SSB 5889

This analysis was prepared by non-partisan legislative staff for the use of legislative members in their deliberations. This analysis is not a part of the legislation nor does it constitute a statement of legislative intent.

C 5 L 15

Synopsis as Enacted

Brief Description: Concerning timeliness of competency evaluation and restoration services.

Sponsors: Senate Committee on Human Services, Mental Health & Housing (originally sponsored by Senators O'Ban and Miloscia).

Senate Committee on Human Services, Mental Health & Housing

Senate Committee on Ways & Means

House Committee on Judiciary

Background: A criminal defendant is incompetent to stand trial (IST) if the defendant does not have present ability to understand the nature of the criminal proceedings against the defendant or to assist defense counsel. If any party to the criminal proceeding or the court raises competency to stand trial (CST), the court must stay the criminal proceedings and appoint a qualified expert or ask the Department of Social and Health Services (DSHS) to designate an expert to evaluate the mental condition of the defendant. If the court finds the defendant to be IST after the evaluation, the court may order any felony defendant and most nonfelony defendants to undergo competency restoration treatment. Competency restoration treatment is currently provided exclusively on an inpatient basis by the state at one of Washington's state hospitals.

Washington law establishes performance targets for the timeliness of the completion of CST evaluations. These targets are as follows:

The time periods measured in the performance targets run from the date at which the state hospital receives the court referral and supporting information relating to the defendant. The Legislature recognizes that performance targets may not be achievable in all cases, and recognizes a nonexclusive list of circumstances which may place achievement of a performance target out of reach, including lack of medical clearance for the defendant to be admitted to the state hospital, the need to acquire medical history information related to the defendant in the custody of a third party, lack of availability or cooperation by counsel, jail or court personnel, interpreters, or the defendant, and unusual spikes in the demand for CST services. These performance targets do not create an entitlement or cause of action related to the timeliness of CST services, and may not provide the basis for a contempt sanction or a motion to dismiss criminal charges.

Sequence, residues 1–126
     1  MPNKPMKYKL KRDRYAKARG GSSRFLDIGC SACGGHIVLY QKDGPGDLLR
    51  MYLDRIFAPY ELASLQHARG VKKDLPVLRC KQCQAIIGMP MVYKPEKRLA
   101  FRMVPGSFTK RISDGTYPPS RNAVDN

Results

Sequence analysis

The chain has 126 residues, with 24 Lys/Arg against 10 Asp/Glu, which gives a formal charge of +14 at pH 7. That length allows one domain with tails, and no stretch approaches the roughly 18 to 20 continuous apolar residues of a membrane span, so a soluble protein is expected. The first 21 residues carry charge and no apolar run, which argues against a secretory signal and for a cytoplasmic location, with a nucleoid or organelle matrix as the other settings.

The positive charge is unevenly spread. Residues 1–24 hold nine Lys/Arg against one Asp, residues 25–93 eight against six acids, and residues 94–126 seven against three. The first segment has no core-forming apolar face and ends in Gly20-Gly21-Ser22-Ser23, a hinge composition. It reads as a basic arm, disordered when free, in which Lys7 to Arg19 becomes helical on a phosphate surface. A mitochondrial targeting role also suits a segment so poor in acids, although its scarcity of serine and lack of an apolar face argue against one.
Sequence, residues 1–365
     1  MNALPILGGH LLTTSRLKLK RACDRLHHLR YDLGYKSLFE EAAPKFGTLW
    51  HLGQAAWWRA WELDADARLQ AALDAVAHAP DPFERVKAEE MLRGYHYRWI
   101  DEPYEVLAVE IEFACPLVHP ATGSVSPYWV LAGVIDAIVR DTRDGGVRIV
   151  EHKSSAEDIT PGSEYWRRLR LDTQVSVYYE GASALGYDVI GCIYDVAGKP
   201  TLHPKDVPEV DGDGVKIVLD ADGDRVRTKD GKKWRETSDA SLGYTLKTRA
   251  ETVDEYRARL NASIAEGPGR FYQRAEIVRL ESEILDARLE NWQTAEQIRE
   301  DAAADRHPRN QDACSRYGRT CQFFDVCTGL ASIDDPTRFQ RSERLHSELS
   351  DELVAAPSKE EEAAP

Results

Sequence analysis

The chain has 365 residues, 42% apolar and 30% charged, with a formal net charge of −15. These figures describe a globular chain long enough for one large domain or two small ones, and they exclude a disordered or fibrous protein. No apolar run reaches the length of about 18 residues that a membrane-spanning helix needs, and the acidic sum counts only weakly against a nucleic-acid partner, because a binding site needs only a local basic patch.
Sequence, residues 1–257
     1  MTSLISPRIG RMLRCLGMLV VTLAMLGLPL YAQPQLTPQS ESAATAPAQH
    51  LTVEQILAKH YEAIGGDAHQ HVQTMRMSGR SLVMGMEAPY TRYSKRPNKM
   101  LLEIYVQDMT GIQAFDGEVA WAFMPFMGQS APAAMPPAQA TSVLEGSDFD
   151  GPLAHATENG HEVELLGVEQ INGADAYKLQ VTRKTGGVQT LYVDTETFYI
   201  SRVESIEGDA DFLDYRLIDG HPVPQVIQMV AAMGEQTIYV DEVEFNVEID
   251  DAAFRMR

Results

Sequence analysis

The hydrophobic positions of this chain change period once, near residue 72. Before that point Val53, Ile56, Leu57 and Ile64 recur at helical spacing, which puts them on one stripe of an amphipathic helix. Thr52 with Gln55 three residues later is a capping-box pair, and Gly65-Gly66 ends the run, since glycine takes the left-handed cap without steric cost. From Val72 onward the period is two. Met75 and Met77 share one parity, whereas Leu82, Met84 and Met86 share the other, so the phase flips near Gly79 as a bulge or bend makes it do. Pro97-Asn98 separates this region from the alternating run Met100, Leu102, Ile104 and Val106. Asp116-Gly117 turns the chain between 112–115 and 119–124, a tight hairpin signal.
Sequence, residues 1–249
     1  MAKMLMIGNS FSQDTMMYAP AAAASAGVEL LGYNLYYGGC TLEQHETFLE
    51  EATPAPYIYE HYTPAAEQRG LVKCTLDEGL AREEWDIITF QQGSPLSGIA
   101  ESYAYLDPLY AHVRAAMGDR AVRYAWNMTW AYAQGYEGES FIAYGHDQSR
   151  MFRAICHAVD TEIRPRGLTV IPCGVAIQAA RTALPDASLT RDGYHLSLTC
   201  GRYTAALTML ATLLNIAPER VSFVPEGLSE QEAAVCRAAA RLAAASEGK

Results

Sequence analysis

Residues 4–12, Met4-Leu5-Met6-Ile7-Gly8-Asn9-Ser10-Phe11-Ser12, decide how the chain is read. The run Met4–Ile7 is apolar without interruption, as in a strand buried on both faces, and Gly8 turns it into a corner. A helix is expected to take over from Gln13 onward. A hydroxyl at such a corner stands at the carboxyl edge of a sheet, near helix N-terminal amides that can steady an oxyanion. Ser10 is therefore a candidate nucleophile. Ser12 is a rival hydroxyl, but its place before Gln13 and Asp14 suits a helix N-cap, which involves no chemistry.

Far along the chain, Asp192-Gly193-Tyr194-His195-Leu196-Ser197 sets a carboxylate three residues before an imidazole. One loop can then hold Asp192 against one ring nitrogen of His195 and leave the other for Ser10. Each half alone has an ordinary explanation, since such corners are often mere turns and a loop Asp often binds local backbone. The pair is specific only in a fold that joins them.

On April 23, 2014, the Joint Legislative Audit & Review Committee issued an audit report reviewing the timeliness of forensic services provided by DSHS in comparison to the performance targets. It found that DSHS is not consistently meeting its performance targets, or assumed evaluator staffing and productivity levels. The report stated that DSHS has struggled to provide accurate and timely performance information.

Summary: Maximum time limits are established for the completion of CST services:

These maximum time limits must be phased in over a one-year time period beginning July 1, 2015. The seven-day performance targets for completion of these services are retained.

The list of documents that must be provided with a referral for CST evaluation is increased to specifically include police reports, the names and addresses of the attorneys, the name of the judge ordering the evaluation, and information about the alleged crime.

The nonexclusive list of circumstances in which the Legislature recognizes that performance targets may not be achievable are recharacterized as affirmative defenses which the state may offer to defend against an allegation that the state has exceeded maximum time limits. This list is increased by the addition of two circumstances: (1) DSHS does not have access to appropriate private space to conduct a competency evaluation for a defendant in pretrial custody; and (2) the defendant asserts legal rights that result in a delay in providing competency services.

Votes on Final Passage:








July 24, 2015